Ben Carson and the media

Wednesday's Example of Media Bias   —   Posted on November 11, 2015

Last week CNN “raised questions” about Republican presidential candidate Dr. Ben Carson’s claims of childhood rage episodes by interviewing people who didn’t know Carson at the time of the alleged incidents, weren’t put forth as witnesses, and didn’t contradict his story. In fact, despite their distance from Carson and from the decades of time past, one of these individuals even corroborated Carson’s account – claiming he or she heard “rumors” of a now-famous stabbing incident.

On Friday, Politico destroyed its credibility by boldly declaring that Carson “fabricated” a claim that he’d never made – that he’d applied to and been accepted for admission at West Point. [The Politico headline went from “Ben Carson Admits Fabricating West Point Scholarship,” which was false, to “Carson claimed West Point ‘scholarship’ but never applied,” which is true but not news. Carson never claimed he applied.]

Then, this weekend, the Wall Street Journal got into the act, this time “raising questions” abut a number of incidents from Carson’s biography. First, questioning Carson’s claims about sheltering white students from a riot in a biology lab, it interviewed a physics teacher and students who didn’t claim to be in the biology lab. (They all corroborated the existence of the riot.) Next up: The Journal questions Carson’s English grades by questioning his history professor?  …

So, for those keeping score, days of media hits on decades-old incidents revealed, at most, utterly trivial contradictions (a dinner Carson thought happened in May really occurred in a different month; a psychology-class incident may have occurred his freshman year, not his junior year) while backing up the core assertions. Yes, there was a hoax exam. Yes, a person from Detroit heard of the Carson stabbing incident. Yes, there was a riot at his school. In the meantime, all this digging has not yielded a single person to contradict the primary elements of his stories. Not one.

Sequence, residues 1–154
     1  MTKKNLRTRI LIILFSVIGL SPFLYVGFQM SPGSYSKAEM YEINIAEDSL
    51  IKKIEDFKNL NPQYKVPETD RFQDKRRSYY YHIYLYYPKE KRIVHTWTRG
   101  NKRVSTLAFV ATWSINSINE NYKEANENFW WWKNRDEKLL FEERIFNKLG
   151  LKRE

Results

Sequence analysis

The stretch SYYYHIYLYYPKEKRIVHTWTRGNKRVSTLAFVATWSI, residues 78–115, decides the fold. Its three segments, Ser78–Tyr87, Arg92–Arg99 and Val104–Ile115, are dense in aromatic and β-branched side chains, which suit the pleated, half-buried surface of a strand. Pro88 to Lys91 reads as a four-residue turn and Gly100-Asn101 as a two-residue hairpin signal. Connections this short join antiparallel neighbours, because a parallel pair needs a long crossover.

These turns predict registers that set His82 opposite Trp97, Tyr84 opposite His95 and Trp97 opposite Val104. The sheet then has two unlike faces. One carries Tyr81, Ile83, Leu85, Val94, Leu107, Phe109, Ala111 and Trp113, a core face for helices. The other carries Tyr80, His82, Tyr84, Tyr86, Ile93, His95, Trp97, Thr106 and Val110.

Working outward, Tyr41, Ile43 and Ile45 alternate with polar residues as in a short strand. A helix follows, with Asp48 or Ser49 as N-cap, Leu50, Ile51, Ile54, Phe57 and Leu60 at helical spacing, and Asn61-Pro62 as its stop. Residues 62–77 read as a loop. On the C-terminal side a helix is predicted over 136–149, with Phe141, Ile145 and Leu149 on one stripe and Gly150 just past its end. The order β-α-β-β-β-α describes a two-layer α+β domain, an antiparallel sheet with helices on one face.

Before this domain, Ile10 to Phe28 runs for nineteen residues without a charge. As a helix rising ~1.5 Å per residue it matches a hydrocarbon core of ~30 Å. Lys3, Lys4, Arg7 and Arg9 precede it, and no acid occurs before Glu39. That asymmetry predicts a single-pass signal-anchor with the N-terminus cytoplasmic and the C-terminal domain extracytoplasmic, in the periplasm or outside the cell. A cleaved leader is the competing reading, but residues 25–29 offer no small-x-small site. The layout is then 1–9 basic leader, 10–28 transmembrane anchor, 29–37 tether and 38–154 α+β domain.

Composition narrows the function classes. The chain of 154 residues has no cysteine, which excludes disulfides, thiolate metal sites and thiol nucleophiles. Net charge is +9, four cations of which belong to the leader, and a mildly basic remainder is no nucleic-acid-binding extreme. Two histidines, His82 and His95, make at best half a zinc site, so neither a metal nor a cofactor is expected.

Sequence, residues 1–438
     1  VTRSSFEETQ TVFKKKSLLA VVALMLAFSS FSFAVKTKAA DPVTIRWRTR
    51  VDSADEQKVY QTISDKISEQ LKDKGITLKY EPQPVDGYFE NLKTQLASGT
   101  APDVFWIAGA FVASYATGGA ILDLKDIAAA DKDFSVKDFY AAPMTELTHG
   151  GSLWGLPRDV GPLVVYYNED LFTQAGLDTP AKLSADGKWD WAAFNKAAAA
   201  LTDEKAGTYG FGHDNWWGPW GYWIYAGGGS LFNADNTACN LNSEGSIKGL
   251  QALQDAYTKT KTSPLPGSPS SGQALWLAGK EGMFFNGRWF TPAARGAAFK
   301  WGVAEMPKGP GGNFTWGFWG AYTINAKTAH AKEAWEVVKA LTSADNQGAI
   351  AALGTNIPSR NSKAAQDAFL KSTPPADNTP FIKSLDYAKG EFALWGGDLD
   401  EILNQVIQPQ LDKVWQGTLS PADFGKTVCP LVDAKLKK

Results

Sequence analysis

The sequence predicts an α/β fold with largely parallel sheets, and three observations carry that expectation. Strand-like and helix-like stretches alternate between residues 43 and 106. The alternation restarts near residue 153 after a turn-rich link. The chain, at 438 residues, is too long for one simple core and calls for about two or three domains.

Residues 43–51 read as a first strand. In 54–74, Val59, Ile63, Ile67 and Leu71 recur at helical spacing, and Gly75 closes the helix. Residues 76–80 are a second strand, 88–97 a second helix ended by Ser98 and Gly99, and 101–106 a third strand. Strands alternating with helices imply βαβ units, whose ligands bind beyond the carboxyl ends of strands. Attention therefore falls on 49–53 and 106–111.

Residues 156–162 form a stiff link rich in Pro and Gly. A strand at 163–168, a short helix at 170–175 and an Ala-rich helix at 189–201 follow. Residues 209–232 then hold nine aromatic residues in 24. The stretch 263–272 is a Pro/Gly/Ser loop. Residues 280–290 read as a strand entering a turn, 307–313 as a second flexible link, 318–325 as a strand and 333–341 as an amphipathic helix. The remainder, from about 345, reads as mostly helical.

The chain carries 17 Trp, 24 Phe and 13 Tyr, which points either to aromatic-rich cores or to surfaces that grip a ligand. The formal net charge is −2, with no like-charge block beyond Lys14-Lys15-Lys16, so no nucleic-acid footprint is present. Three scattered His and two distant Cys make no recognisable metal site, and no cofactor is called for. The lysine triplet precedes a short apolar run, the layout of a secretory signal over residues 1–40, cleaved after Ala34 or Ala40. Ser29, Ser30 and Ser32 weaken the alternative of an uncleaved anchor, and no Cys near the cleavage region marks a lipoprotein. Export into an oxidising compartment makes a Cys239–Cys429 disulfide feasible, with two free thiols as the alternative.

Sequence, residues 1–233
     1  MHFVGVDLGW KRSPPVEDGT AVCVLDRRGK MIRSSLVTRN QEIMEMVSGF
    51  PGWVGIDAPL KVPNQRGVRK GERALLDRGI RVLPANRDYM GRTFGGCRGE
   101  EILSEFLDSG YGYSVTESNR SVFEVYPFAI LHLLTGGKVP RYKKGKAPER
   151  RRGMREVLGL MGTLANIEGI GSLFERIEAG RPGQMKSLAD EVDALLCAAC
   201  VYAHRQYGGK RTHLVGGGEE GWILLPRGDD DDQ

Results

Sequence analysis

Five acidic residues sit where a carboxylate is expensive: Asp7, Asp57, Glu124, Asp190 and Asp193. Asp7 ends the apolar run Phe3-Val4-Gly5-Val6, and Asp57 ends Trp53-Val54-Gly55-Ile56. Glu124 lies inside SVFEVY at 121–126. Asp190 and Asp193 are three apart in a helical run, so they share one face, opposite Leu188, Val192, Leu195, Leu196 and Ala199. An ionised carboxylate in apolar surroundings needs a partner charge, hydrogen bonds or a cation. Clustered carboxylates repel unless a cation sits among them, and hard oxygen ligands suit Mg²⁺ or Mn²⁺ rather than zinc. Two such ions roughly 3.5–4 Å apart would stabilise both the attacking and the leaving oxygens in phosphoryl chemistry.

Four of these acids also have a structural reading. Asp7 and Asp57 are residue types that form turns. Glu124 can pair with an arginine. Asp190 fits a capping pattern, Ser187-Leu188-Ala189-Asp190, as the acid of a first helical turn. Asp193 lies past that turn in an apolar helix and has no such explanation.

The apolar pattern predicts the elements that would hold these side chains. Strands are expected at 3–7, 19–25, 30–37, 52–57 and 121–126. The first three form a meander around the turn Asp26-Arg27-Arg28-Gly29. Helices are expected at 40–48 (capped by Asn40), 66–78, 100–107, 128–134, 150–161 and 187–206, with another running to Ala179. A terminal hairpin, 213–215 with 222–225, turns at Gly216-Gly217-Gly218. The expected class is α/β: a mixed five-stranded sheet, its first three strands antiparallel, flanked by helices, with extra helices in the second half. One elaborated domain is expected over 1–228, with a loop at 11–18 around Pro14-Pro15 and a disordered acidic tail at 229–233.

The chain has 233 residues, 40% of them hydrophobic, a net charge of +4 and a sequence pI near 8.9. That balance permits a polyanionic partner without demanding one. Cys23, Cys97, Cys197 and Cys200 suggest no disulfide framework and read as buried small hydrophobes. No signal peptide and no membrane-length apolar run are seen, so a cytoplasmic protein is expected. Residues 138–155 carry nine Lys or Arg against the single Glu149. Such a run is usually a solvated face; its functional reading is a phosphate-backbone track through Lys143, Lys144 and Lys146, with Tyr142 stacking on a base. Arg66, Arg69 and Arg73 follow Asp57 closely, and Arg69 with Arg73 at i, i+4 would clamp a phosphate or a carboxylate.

This isn’t investigative journalism. It’s a clown show. To “raise questions” about incidents that occurred more than 40 years ago, one does not interview people who weren’t involved and weren’t there. Maybe it’s a scoop if CNN found the person who argued with Carson and says that Carson pushed him and didn’t try to stab him. Maybe it’s a scoop if Politico interviews someone who heard military officials talk to Carson about West Point and plainly heard that they made no offers of “scholarships” or any other enthusiastic expressions about his chances for admission. Maybe it’s a scoop if the Wall Street Journal found someone who was in the biology lab the night of the riot and says Carson was nowhere to be found.

But the media’s “investigative” standard here is strange, indeed – actual corroboration of Carson’s account followed by no meaningful contradiction does not “raise questions” about Carson’s honesty.

…there is a difference between scandal and slander. So far there is no Carson scandal, and everyone who uses the “reporting” of the last week to justify accusations of dishonesty is verging on slander. … (from a Nov. 9 post by David French at National Review)